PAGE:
other cheap foreign fat, and tho result
Is a very white, nlcc-Iooklug bread,
capable of absorbing and carrying luucli
nioro water than It otherwise would.
Largely through tho free uso of lard
about SJG5 one-pound loaves of bread are
mudo from a barrel of flour, which at
live cents a loaf really.es 813.25 for tho
flour. Tho moral of this Is that mora
liome-inado and less baker's bread
should bo eaten, especially in the home
of those with small Incomes.
Gets Along; Without 'Wages.
Tho Czar of Russia receives no sal
ary. Ills Income-arises from 1,000,000
square miles of land, which he Inher
its with the crown. His average Income
It a trifle more than 30,O00 a day.
Thirty-ninth Street and
Cottage Grove Avenue....
Restaurant Lunch Counter and Bar.
Steaks, Chops and Shell Fish
164-166 Maditon St,
ATT ANY ROCERV,
J. E. GOODMAN & CO.,
Rialio Building, Van Buren and Sherman Sts.
3 DEALERS IN
Grain, Provisions & Stocks
R. V. ROMANO,
380 South Halsted Street.
Watches, Jewelry and Diamonds.
IIIGtfl GRADE GOODS.
Special attention paid to repairing Fine "Watches, Jew
elry, etc. All work guaranteed.
General "Western Agent Atlantic Steamship Line, from
New York direct to Italy.
Livery, Boarding i Sale Stables
S31 and 833 Webster At., (WZtWZ) Chicago.
W. D. CURTIN & CO.,
148-160 Wcllt Street, 176 Grand Avenue,
Tlphn North .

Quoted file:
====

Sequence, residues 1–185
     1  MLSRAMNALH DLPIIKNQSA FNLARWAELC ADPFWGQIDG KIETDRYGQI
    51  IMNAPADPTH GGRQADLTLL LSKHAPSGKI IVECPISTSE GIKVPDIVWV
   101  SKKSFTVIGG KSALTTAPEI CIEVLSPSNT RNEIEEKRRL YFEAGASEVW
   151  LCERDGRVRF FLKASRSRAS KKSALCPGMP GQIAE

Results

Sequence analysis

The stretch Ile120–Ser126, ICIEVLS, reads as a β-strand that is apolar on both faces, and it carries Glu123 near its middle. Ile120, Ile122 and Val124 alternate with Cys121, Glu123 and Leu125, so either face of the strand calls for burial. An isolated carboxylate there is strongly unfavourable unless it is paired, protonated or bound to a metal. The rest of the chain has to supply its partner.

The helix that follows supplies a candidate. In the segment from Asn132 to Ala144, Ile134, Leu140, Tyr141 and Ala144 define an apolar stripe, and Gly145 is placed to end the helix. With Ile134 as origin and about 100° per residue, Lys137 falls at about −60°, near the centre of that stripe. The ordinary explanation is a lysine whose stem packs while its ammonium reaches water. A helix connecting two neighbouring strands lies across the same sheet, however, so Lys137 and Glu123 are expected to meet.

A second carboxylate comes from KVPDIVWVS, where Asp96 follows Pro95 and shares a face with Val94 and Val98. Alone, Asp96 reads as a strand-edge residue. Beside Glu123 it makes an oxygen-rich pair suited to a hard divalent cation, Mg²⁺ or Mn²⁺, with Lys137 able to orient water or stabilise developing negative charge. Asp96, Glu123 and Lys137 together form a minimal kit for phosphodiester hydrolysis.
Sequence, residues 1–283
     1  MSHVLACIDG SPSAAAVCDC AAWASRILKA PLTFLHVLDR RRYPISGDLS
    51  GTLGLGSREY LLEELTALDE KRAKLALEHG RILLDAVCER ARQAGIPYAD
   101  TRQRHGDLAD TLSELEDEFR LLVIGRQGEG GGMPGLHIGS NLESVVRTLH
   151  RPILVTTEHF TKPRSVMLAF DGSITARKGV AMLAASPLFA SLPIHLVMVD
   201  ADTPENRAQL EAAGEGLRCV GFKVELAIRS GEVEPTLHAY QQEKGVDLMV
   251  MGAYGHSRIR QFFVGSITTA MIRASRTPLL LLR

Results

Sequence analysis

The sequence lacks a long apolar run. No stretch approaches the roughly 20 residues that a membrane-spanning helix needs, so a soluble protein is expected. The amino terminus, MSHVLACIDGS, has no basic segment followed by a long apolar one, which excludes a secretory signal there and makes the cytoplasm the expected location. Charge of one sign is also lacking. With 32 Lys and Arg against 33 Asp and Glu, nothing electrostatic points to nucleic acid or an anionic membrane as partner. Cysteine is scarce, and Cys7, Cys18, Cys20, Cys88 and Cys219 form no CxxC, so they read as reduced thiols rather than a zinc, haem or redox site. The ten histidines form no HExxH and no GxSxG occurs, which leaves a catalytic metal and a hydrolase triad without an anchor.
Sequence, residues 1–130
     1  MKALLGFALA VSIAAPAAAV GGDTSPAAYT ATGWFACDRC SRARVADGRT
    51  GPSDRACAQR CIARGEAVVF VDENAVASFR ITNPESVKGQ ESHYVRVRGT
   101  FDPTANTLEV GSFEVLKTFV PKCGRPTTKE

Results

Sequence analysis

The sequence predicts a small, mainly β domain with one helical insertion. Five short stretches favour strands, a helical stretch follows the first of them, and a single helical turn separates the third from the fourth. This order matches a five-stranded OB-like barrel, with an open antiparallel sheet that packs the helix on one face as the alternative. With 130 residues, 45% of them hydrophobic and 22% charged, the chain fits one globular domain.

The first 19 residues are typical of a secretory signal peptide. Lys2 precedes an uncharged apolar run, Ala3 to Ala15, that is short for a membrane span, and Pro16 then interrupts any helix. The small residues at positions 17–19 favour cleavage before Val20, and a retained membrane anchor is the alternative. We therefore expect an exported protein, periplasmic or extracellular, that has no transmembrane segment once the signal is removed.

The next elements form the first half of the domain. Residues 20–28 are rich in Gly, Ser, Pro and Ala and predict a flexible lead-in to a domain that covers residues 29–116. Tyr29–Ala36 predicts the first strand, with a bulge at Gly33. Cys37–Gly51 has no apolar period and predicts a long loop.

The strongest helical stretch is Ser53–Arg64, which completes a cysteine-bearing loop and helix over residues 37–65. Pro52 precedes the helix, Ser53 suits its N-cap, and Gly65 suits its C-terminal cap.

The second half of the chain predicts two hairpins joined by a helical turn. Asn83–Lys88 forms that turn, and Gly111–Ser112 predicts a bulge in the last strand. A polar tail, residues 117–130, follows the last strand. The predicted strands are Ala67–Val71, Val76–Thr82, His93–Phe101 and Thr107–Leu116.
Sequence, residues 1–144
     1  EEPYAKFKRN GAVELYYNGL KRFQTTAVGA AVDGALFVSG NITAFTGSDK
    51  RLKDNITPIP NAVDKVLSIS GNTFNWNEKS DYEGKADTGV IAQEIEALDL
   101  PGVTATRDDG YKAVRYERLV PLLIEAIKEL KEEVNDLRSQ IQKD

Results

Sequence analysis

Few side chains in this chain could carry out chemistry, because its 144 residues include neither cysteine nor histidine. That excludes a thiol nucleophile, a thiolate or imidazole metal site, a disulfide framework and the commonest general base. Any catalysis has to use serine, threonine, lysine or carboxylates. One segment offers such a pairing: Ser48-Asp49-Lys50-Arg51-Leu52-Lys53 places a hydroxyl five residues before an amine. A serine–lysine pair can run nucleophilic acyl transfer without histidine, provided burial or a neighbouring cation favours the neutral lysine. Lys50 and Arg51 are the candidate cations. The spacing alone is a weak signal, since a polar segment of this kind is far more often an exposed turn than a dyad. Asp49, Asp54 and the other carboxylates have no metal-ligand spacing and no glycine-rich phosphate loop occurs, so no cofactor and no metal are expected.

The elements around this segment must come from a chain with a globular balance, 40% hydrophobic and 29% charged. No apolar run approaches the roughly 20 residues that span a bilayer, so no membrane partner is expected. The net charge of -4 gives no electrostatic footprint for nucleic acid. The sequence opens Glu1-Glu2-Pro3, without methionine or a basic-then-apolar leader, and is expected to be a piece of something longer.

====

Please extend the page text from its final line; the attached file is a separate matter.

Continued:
LIVERY: 148 and 150 Wells Street.
Offioen Oipeu. Dafcy mxxdL Sirialxt.
WIY1. EI8FELDT, JR.,
Funeral Director and Embalmer.
Livery and Boarding
86 and 88 Racine Avenue,
Telephone North 270. OHIOAQOt
303 Larrabee Street,
nntw nni l Atr
BREAD, orean) or malt.
and 179-181 Lake St
40th Street and Wentworth Avenue.
TELEPHONE YARDS 708.
City Office: 802 Marquette Building.
TELEPHONE MAIN 180.
8. PEABODV, President.
M. ... KOoiNiON, Vic President.
Peabody Coal Company,
103 Dearborn St. I Foot N. Market eX.
W. P. RIND.
W. P. REND & CO.,
Hard and Soft Goal and Coke.
Proprietors of Cars, Owners and Operators of Mines,
LAUREL HILL MINES AND COKE WORKS, Allegheny County, Pa.
PHENIX MINE, Alhtnt County, Ohio.
WILLOW GROVE MIMES. STAR MINE. Wathlnajon County, Pff.
JACKSONVILLE MINE. Athens County, Ohio.
SUNDAY CREEK MINCS, Perry County, Ohio.
REISSINO MINES. Whlnton County, ft.
ORIAR RIDOE MINE, Oloucetter, Otiltw
General Offices: 119 Dearborn Street
Tolophouo XsCaklxa. 4 Bast.
I0UTH SIDE YARDS: 4019 8outh Hautid St., Teltphona Yards SSI.
WEST SIDE YARDS: Paorla and Klniie Sit., Teltphont Main 4239.
Elizabeth and Klnilt Straits.
TEAMING DEPARTMENT: 27 South Water St., Telephone Main 2ISt
"We have one of the finest and best stocks of Im
ported and Domestic Cheviots, "Worsteds, Vicunas,
Black and Blue Clays in the market. Our cr tters
are the best, and we guarantee absolute satisfaction .
Wilt Make to Order
The Best $12.00 Suit in America.
The Best $15.00 Suit in Chicago.
The Best $20.00 Suit in the Market.
The Best $25.00 Suit you can find.
The Best $30.00 Suit in the world.
Ready to-W ear Suits.
Q rC will buy you a suit for which
retailers nnd departm't stores
will ask $6.oo,
CA AA W'M buy the same suit retail-
ers ask $8,00 to $10.00 lor.
Huy your Hoys nnd Children's Suits of us nnd save the retailer's profit.
We gunrantee to please, or will rclund your money, No goods sent
out of town from our retail department. . . ,
Work Brothers & Company,
Wholesale Manufacturers Men and Beys' Clothing.
Cor. 5th Ave. and Jackaon St.
J. I). ADAMS. Tre.urr.
C. J. OKAY, Secrctsry.
I DOOM AJTD MASK I
WAA w'" buy you the same UleiUi
iUU en! suit retailers sell for $1.
C 1 A AA buys the same suit retail
If 1 UiUU ers nnd department stores
ask $15,00 tor.
Mih&f'i tj!3,yv',J&''ili hv 1